Maturity

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Maturity is a psychological term used to indicate that a person responds to the circumstances or environment in an appropriate and adaptive manner. This response is generally learned rather than instinctual, and is not determined by one's age. Maturity also encompasses being aware of the correct time and place to behave and knowing when to act in serious or non-serious ways.

Psychologist B.W. Roberts explains that in an explicit model of personality, one's personality must be viewed from both the perspective of the actor and the perspective of the observer. Therefore, one's maturity is not measured solely on introspection, but by how others view one's maturity as well. By this definition, how an individual feels about himself is no more legitimate than how others feel about him, and so it is important that this individual gains a certain level of maturity as he grows older to earn the respect of others.

However, maturity need not reflect one's actions in a social situation among well-known peers, as in these situations there is no need to establish a sense of maturity as once maturity is established, it by no means has to be a norm. Furthermore, one need not establish maturity on how others view their personality, because a casual observer cannot totally judge someone he or she does not know on a personal level.

Maturity is something of personal character, or how one acts in stressful or difficult situations, because then a person's true ability to react to a situation can be seen. Artificial social interactions are often misjudged as many people rely on outward appearance to mask inner strengths/weaknesses so as to present a simpler version of oneself to the world.

Additional ways to judge if a person is mature include rational thinking and logical explanation in solving a problem, and the art of reasoning while debating.

For lessons on Maturity, follow this link.

Age

While it has been shown that older persons are generally more mature, psychological maturity is not determined by one's age.[1] However, for legal purposes, people are not considered psychologically mature enough to perform certain tasks (such as driving, consenting to sex, signing a binding contract or making medical decisions) until they have reached a certain age. In fact, judge Julian Mack, who helped create the juvenile court system in the United States, said that juvenile justice was based on the belief that young people do not always make good decisions because they are not mature, but this means that they can be reformed more easily than adults.[2] However, the relationship between psychological maturity and age is a difficult one, especially when it comes to the law. Immaturity is often used to distinguish between adolescents and adults, and there has been much debate over how to tell if someone is mature, especially regarding social issues like abortion.[3]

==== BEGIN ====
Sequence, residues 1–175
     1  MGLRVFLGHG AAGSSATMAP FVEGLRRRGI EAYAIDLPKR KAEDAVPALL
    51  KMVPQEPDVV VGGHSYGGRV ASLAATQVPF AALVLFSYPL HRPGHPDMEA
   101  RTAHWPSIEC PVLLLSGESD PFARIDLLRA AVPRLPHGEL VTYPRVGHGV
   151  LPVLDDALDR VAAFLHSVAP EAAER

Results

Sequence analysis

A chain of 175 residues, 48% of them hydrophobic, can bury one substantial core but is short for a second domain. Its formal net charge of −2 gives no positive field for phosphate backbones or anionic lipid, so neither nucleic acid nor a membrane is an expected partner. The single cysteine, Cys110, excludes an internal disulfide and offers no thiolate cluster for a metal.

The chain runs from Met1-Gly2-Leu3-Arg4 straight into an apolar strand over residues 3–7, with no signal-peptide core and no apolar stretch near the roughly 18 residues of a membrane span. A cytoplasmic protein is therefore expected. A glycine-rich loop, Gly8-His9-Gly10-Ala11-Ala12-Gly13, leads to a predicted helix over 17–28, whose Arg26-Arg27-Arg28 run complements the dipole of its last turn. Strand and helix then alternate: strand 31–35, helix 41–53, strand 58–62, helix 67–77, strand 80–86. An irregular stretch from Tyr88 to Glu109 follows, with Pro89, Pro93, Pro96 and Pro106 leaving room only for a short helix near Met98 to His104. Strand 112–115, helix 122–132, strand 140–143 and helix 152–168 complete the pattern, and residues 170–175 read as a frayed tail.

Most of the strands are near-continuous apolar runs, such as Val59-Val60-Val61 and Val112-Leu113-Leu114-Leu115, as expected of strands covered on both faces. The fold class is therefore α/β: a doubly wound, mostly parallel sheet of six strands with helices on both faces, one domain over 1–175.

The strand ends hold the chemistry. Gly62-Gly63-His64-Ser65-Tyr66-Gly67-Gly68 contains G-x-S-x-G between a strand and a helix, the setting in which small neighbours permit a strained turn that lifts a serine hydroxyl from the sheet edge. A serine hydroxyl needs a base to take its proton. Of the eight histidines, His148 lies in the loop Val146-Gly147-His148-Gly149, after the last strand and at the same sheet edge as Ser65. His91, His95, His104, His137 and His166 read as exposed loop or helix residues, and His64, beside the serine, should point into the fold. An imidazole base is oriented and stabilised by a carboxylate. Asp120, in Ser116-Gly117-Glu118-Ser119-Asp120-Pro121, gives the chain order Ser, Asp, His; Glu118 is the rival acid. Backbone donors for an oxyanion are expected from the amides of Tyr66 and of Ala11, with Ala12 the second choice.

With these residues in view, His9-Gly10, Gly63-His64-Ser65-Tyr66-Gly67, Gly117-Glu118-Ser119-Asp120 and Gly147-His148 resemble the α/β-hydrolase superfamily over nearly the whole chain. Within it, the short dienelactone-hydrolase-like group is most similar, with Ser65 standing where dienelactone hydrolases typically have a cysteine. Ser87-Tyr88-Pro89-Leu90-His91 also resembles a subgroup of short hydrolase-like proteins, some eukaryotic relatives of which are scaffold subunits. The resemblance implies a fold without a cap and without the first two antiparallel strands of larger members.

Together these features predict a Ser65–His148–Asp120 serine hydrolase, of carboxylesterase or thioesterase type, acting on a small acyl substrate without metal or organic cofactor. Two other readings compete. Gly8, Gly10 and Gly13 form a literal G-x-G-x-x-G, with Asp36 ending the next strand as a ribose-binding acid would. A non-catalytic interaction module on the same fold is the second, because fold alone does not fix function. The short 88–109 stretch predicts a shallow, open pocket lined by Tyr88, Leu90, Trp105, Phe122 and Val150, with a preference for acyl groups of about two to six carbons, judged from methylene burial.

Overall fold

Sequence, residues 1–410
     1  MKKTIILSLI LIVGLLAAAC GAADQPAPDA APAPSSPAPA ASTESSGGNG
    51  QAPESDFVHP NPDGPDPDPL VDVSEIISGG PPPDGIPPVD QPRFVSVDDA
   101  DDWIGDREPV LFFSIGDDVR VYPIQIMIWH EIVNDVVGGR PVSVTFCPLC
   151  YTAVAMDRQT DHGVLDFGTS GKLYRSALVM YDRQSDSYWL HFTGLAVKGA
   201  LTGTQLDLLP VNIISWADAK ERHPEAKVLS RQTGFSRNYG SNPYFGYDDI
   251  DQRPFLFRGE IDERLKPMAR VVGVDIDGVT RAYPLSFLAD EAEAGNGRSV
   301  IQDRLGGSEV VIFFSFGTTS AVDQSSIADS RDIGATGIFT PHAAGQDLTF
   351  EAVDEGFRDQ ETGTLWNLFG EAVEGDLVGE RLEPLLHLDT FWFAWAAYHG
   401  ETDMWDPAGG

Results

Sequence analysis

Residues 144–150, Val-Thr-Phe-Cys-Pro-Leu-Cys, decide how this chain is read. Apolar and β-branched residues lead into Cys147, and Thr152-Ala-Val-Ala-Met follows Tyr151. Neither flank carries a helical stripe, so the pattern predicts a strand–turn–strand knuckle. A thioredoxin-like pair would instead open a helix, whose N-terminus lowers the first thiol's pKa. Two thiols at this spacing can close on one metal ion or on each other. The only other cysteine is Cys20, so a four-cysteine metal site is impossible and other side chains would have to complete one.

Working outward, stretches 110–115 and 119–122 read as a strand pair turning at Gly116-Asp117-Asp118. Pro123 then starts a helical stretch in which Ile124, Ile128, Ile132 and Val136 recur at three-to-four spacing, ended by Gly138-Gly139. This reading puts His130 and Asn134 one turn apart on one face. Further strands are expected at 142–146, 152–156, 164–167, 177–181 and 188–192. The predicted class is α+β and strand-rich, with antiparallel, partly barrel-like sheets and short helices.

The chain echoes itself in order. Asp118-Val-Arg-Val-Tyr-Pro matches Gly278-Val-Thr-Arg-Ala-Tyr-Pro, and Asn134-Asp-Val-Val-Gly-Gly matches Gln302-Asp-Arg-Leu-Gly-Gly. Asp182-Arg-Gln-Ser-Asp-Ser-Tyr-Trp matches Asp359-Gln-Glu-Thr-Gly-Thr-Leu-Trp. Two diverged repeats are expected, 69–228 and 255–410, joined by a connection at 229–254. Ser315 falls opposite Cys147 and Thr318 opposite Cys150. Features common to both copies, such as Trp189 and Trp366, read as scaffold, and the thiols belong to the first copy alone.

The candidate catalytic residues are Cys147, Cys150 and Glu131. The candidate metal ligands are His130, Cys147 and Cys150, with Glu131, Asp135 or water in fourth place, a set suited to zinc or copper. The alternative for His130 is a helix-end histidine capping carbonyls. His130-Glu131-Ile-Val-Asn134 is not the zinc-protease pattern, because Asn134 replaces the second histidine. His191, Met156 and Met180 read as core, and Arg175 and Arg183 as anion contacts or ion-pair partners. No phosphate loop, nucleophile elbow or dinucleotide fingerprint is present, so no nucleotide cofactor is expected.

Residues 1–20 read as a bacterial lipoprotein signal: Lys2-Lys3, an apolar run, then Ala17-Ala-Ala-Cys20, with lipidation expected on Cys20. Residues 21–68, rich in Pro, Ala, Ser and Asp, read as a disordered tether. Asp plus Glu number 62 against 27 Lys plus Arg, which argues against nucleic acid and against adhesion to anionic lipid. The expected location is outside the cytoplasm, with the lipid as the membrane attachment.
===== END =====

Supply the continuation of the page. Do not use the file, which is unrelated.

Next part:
Quote

The more complex civilization becomes, the more difficult will become the art of living. The more rapid the changes in social usage, the more complicated will become the task of character development. Every ten generations mankind must learn anew the art of living if progress is to continue. And if man becomes so ingenious that he more rapidly adds to the complexities of society, the art of living will need to be remastered in less time, perhaps every single generation. If the evolution of the art of living fails to keep pace with the technique of existence, humanity will quickly revert to the simple urge of living--the attainment of the satisfaction of present desires. Thus will humanity remain immature; society will fail in growing up to full maturity.[1]

References

  1. Sheldon, K. M.; T. Kasser (2001). "Getting Older, Getting Better? Personal Strivings and Psychological Maturity Across the Life Span". Developmental Psychology 37 (4): 491-501.
  2. Mack, J. W. (1909). "The Juvenile Court". Harvard Law Review 23: 104.
  3. Steinberg, Laurence; Elizabeth Cauffman (1996-06). "Maturity of Judgment in Adolescence: Psychosocial Factors in Adolescent Decision Making". Law and Human Behavior 20 (3): 249-272. doi:10.2307/1393975. ISSN 01477307. Retrieved on 2009-02-15.